University of Massachusetts Amherst
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Smith, Gilbert, b. 1801

Gilbert Smith and Gilbert Smith, Jr. Account Books, 1798-1846
2 vols. (0.25 linear feet)
Call no.: MS 205 bd

Gilbert Smith was a shoemaker and doctor from New Marlborough, Massachusetts, and his son Gilbert Jr. was a prosperous farmer from Sheffield, Massachusetts. Includes merchandise sales, labor accounts, lists of boarders, and documentation of the sale of homemade butter and cheese to local merchants, as well as trade with the substantial rural black community of the region.

Subjects
  • African Americans--Massachusetts--Economic conditions--19th century
  • Agricultural laborers--Massachusetts--History--19th century
  • Agricultural wages--Massachusetts--History--19th century
  • Dairy products--Massachusetts--Marketing--History--19th century
  • Family--Economic aspects--Massachusetts--History--19th century
  • Farmers--Massachusetts--Sheffield--History--19th century
  • New Marlborough (Mass.)--Economic conditions--19th century
  • Sheffield (Mass.)--Economic conditions--19th century
Contributors
  • Smith, Gilbert, 1801-
  • Smith, Gilbert, d. 1804
Types of material
  • Account books

Strong, Noah Lyman, 1807-1893

Noah Lyman Strong Account Book, 1849-1893
1 box (0.5 linear feet)
Call no.: MS 187

Operator of a sawmill and gristmill in Southampton, Massachusetts, later an owner of tenements and other real estate in Westfield, Massachusetts. Includes lists of gristmill and sawmill products, the method and form of payment (cash, barter for goods, or services such as sawing or hauling), real estate records, and miscellaneous personal records (school, clothing, board, and travel expenses for his niece and nephew; accounts for the care and funeral of his father-in-law and the dispensation of his estate; a Strong family genealogy; town of Westfield agreements and expenses; a list of U.S. bonds that Strong bought; and money lent and borrowed, among others).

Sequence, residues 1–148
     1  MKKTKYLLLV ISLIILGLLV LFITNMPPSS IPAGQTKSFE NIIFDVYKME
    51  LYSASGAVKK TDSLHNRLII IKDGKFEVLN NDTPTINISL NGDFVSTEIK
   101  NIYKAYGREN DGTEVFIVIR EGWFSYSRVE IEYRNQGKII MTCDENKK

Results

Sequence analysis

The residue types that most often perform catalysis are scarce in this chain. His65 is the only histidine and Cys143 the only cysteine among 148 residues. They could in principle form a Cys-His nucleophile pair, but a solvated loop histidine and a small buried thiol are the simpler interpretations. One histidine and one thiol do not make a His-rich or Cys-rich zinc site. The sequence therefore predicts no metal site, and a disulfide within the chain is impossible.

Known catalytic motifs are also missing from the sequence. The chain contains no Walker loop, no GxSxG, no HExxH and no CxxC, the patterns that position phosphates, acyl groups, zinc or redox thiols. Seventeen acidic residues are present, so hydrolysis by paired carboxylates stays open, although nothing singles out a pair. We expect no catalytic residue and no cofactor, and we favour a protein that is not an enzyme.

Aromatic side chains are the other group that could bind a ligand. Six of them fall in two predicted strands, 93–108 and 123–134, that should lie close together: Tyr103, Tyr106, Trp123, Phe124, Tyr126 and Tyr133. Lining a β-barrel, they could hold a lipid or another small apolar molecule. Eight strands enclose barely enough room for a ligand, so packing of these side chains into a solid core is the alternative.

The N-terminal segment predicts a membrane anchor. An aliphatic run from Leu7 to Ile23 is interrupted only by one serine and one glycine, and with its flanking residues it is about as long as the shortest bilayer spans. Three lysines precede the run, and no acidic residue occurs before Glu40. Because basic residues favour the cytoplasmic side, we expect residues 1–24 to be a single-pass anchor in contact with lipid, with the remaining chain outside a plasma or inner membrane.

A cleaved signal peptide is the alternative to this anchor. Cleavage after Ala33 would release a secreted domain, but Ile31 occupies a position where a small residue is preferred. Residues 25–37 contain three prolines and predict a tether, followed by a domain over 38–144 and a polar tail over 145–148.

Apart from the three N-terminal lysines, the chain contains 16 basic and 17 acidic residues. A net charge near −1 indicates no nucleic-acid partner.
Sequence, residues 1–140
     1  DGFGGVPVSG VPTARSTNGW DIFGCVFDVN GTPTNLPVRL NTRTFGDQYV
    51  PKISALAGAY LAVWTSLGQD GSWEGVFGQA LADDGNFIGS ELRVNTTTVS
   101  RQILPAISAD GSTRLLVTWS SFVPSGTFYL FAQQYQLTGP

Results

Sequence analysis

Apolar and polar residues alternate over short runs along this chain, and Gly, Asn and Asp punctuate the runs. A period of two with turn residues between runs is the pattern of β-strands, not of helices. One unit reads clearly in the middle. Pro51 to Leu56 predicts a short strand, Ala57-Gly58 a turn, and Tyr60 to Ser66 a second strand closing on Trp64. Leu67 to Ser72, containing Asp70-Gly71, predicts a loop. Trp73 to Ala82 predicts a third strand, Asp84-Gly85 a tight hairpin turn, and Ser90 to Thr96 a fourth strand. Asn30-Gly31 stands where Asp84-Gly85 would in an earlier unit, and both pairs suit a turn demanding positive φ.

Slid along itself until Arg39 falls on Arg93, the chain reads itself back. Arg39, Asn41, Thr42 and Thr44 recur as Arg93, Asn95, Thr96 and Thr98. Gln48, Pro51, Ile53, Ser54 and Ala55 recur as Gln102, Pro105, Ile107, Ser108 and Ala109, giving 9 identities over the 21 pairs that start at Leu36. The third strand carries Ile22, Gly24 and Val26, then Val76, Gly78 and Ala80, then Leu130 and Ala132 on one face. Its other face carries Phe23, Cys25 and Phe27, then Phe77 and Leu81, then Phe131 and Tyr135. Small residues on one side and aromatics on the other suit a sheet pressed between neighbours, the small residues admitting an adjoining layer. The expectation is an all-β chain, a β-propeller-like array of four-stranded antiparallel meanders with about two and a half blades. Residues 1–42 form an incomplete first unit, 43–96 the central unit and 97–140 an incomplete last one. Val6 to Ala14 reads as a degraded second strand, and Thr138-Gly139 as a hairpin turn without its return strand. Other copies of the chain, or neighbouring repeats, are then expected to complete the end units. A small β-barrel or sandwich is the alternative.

Subjects
  • Barter--Massachusetts--Southampton--History--19th century
  • Boardinghouses--Massachusetts--Westfield--History--19th century
  • Clapp, Anson--Estate
  • Fowler, Henry
  • Grist mills--Massachusetts--Southampton--History--19th century
  • Guardian and ward--Massachusetts--History--19th century
  • House construction--Massachusetts--Westfield--History--19th century
  • Millers--Massachusetts--Southampton--Economic conditions--19th century
  • Railroad companies--United States--History--19th century
  • Sawmills--Massachusetts--Southampton--History--19th century
  • Southampton (Mass.)--Economic conditions--19th century
  • Strong family
  • Strong, Noah Lyman, 1807-1893--Finance, Personal
  • Westfield (Mass.)--History--19th century
  • Westfield (Mass.)--Social conditions--19th century
Contributors
  • Strong, Noah Lyman

Thayer Family Industries

Thayer Family Industries Ledger, 1847-1855
1 vol. (0.2 linear feet)
Call no.: MS 238 bd

The Thayer family operated a small manufacturing complex on the Deerfield River in Charlemont, Massachusetts. Businesses included a sawmill, a foundry, a shop for the manufacture of axes and edged tools, and a tannery. Ledger documents their businesses and reflects the exchange economy of rural Massachusetts.